If an L-plate such as the new one from Really Right Stuff, and a compact screw clamp are combined with a block of metal (see below), the metal would need to weigh only about 17 ounces for the total attached weight to be 24 ounces, and can therefore be a piece of brass, bronze or stainless steel about 1″ h. x 1.25″ w. x 3″ long with a hole drilled about 3/16″ behind the middle, because the shutter is about that far ahead of the tripod screw threads of the camera and moving the bar forward a bit will center it right beneath the shutter for optimal effect, assuming the great majority of the movement and shake are coming from vicinity of the shutter blades and not from the portion of the mechanism which sits beside and behind the sensor.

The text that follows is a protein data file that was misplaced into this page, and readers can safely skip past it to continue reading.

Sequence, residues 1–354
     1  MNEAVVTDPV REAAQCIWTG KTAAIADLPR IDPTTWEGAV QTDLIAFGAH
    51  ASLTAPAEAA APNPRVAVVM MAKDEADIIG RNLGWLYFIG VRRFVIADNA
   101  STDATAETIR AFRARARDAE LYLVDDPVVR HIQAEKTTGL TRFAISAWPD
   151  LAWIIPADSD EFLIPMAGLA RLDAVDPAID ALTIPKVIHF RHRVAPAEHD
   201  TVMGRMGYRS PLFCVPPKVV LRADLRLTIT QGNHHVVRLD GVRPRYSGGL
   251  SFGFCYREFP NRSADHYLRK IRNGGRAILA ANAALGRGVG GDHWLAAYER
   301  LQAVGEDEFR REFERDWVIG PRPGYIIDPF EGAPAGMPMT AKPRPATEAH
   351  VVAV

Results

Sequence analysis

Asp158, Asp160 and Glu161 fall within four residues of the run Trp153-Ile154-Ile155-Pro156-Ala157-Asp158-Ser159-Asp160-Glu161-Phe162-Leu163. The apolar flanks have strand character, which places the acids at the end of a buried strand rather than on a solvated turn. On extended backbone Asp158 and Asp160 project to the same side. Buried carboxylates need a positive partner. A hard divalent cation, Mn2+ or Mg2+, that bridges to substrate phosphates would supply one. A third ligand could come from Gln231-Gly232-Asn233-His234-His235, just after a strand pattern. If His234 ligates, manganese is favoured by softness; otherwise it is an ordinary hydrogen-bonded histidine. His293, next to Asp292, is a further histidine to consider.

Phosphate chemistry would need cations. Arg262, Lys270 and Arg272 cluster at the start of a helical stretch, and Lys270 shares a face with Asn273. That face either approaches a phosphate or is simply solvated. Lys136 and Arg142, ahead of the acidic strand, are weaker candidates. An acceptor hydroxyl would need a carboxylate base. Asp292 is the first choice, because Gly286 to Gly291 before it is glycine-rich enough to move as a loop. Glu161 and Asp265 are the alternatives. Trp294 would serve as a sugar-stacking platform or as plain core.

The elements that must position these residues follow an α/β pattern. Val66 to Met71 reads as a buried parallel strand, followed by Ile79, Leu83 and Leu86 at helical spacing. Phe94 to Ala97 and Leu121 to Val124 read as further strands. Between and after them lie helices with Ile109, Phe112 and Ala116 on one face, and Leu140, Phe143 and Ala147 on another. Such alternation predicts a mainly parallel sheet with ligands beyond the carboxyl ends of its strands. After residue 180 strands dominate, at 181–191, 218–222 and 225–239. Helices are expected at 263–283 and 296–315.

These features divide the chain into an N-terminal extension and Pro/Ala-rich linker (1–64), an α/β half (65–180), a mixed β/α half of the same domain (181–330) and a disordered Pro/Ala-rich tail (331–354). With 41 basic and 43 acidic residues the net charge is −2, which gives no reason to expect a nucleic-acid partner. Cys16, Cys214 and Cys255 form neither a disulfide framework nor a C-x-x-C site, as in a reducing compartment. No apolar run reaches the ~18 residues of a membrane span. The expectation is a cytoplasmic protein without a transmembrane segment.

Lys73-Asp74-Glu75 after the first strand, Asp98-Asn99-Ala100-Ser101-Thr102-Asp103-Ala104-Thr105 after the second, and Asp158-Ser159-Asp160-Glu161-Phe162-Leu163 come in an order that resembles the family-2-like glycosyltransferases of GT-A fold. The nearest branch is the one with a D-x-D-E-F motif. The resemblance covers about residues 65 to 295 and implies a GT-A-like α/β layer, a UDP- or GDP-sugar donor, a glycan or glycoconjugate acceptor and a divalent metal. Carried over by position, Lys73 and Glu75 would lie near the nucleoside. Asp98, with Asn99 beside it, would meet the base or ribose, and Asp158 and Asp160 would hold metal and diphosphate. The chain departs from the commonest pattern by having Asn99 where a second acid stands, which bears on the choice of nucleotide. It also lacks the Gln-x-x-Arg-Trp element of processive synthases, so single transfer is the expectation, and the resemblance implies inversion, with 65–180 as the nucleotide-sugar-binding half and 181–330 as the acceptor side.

A piece of brass or bronze of those dimensions would, depending on the alloy chosen, probably weigh 18 or 19 ounces while stainless weighs 17 ounces in raw form from the metal supplier.  We have not tried a series of several different weights, owing to the inconvenience of performing such tests, but a total weight of 24 ounces is apt to be at least close to ideal for the lenses which Mike and I are planning on using with the A7R (up to a 70-200 with a 1.4X teleconverter).  What I want is a damping weight which is a good overall compromise for my uses which is easy to use and can be counted on to make the system work beautifully.  A different system of camera, adapter(s), lens, lens foot, tripod head, tripod, and working conditions may require a different mass for optimal results.  However, I suspect that because more weight could be tough on the lens mount and because less weight didn’t seem to work well for me, that most people who might benefit from a damping weight would find that a total of about 24 ounces attached very firmly to the base of the camera (no cork or rubber padding and good, solid contact with the base of the camera) will work well to cut shake effects in the image by approximately 90%.